Staying Connected in the Technical Age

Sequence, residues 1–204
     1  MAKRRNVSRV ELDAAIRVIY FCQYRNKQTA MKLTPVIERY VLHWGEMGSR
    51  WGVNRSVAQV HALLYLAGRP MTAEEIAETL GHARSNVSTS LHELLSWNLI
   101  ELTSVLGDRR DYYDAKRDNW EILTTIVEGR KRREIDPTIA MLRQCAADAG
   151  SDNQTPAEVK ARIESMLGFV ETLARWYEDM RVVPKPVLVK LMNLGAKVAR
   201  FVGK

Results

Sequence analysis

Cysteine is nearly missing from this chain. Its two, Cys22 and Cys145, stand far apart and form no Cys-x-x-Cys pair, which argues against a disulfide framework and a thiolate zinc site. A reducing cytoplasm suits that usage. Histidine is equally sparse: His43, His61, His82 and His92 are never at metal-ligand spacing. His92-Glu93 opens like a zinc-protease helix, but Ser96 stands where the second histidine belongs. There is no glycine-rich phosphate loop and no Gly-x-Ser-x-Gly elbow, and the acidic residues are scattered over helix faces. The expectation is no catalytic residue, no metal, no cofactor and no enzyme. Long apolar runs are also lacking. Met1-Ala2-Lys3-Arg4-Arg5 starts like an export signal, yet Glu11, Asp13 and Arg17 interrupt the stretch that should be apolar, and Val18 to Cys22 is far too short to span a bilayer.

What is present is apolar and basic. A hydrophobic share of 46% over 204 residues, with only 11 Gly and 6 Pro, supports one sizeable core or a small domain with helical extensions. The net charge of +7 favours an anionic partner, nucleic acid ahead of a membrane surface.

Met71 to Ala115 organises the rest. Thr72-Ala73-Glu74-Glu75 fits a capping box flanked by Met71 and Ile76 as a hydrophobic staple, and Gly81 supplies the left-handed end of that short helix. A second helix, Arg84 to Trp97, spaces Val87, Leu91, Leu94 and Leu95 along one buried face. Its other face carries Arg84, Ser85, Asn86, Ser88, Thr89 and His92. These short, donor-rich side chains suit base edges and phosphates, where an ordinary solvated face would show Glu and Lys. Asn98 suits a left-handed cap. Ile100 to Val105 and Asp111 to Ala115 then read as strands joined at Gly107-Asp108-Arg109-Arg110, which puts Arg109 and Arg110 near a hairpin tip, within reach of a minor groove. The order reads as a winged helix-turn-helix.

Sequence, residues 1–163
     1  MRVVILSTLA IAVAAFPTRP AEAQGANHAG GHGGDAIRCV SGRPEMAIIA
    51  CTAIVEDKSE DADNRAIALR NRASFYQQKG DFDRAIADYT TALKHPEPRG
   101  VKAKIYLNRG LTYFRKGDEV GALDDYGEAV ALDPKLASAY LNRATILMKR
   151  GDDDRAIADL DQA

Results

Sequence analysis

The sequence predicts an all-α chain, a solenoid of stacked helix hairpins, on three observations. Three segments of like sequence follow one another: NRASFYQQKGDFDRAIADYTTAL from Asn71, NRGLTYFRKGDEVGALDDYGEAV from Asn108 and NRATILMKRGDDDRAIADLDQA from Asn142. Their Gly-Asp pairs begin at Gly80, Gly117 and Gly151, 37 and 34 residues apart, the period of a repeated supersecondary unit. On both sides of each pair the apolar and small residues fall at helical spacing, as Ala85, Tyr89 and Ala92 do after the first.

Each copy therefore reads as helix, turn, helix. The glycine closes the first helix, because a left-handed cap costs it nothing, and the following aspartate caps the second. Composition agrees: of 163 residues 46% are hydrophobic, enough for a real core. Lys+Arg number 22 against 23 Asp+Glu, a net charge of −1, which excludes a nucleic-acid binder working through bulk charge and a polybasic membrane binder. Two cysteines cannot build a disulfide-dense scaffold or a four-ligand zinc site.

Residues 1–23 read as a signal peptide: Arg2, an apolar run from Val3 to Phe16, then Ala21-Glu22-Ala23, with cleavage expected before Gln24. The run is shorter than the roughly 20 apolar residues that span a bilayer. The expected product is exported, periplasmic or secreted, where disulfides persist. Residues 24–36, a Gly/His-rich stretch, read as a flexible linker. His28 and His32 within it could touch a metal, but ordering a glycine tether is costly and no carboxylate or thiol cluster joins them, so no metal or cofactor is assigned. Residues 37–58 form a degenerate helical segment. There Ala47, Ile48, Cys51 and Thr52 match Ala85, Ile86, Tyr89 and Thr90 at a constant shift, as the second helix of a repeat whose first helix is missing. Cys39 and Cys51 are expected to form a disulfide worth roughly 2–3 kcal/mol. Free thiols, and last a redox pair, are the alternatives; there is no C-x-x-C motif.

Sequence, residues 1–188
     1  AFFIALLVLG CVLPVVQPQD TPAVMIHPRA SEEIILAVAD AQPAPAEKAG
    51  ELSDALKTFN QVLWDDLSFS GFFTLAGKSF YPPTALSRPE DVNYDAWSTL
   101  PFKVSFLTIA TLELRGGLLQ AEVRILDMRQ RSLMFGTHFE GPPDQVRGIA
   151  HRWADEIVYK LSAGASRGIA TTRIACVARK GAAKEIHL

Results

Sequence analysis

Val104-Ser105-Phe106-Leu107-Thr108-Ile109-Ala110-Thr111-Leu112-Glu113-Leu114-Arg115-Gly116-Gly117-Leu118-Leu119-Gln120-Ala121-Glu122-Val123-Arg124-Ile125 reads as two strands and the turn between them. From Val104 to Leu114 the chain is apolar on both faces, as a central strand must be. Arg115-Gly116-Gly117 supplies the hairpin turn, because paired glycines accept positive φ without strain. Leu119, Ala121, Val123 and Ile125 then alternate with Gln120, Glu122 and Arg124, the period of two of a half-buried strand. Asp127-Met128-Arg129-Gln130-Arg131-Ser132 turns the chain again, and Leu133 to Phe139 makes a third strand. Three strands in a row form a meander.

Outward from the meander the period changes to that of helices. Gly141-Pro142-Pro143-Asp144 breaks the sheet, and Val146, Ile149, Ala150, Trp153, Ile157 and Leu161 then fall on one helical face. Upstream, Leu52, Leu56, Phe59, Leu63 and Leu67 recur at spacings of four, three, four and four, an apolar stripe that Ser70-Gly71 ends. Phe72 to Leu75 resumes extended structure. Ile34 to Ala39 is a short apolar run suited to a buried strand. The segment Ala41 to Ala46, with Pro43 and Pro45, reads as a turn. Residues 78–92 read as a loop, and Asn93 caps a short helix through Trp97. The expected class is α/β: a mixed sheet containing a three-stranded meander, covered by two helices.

Originally, the use of technology seemed like it would make staying connected to each other easier than ever. After all, the majority of our technological advances, from cell phones with texting, to the internet with endless social media platforms, all seem to revolve around communicating with other people. So how is it that with so many more tools meant to help us stay connected, many of us feel more disconnected than ever? The problem isn't with the tools themselves. Used appropriately, they can all be very useful. Issues creep in when we become completely reliant on technology. How many times have you been in a restaurant and noticed a table full of people, supposedly there to eat and socialize together, all glued to their phones, texting or posting Instagram pictures, while ignoring the people in their presence? It’s an all too common phenomena, and one that can lead us to feel isolated, lonely, and ignored. As we become more and more tech-savvy, we're losing our face to face communication skills. This can simultaneously cause feelings of being bombarded with constant interaction and like we can go days without having even a single meaningful conversation. Along with the fact that we often ignore the people in our physical company because we're caught up in posting updates to people in other parts of the country, another issue that arises is that there are so many things that can't be communicated through a medium like texting. We can't look into each other’s eyes, read facial expressions and body language, or hear the tone in which words are spoken. These missing components make it all too easy to misunderstand each other. Misinterpreted texts and emails have caused countless cases of hurt feelings and anger that wouldn’t have occurred if the same conversation had taken place face to face. It’s unrealistic to think that in today’s world that the solution is to completely shun technology, and even if you could, would you really want to? After all, it can be very useful. Skype can let grandparents see a new grandbaby from the other side of the world when they might not be able to afford a plane ticket for several months. A quick text message from the grocery store when you've forgotten which brand of ice cream your dinner guests prefer can be very convenient! A good middle ground is to use technology as a supplement, not a replacement, for face to face communication. Whenever you have options available, go for the most direct and personal form of talking. Remember, your phone should be something that is used in your service, not the other way around. Many groups of people craving for more face to face interaction have begun to ban cell phones from the dinner table and other social gatherings. Turn off the phone and turn towards the people in your proximity. You might be pleasantly surprised to find that disconnecting from technology during these times revives the sense of connection you've been missing. Devon is a Licensed Mental Health/Substance Abuse Counselor, Personal Life Coach, Certified Personal Trainer, and a nationally certified teacher. She is committed to helping young people be their highest selves in all areas: body, mind, and spirit. Her expertise, enthusiasm, energy and educational background serve to create a unique blend of services and techniques employed to help you reach your goals. For counseling sessions, coaching, or training, please contact her at 505.469.0779 or firstname.lastname@example.org.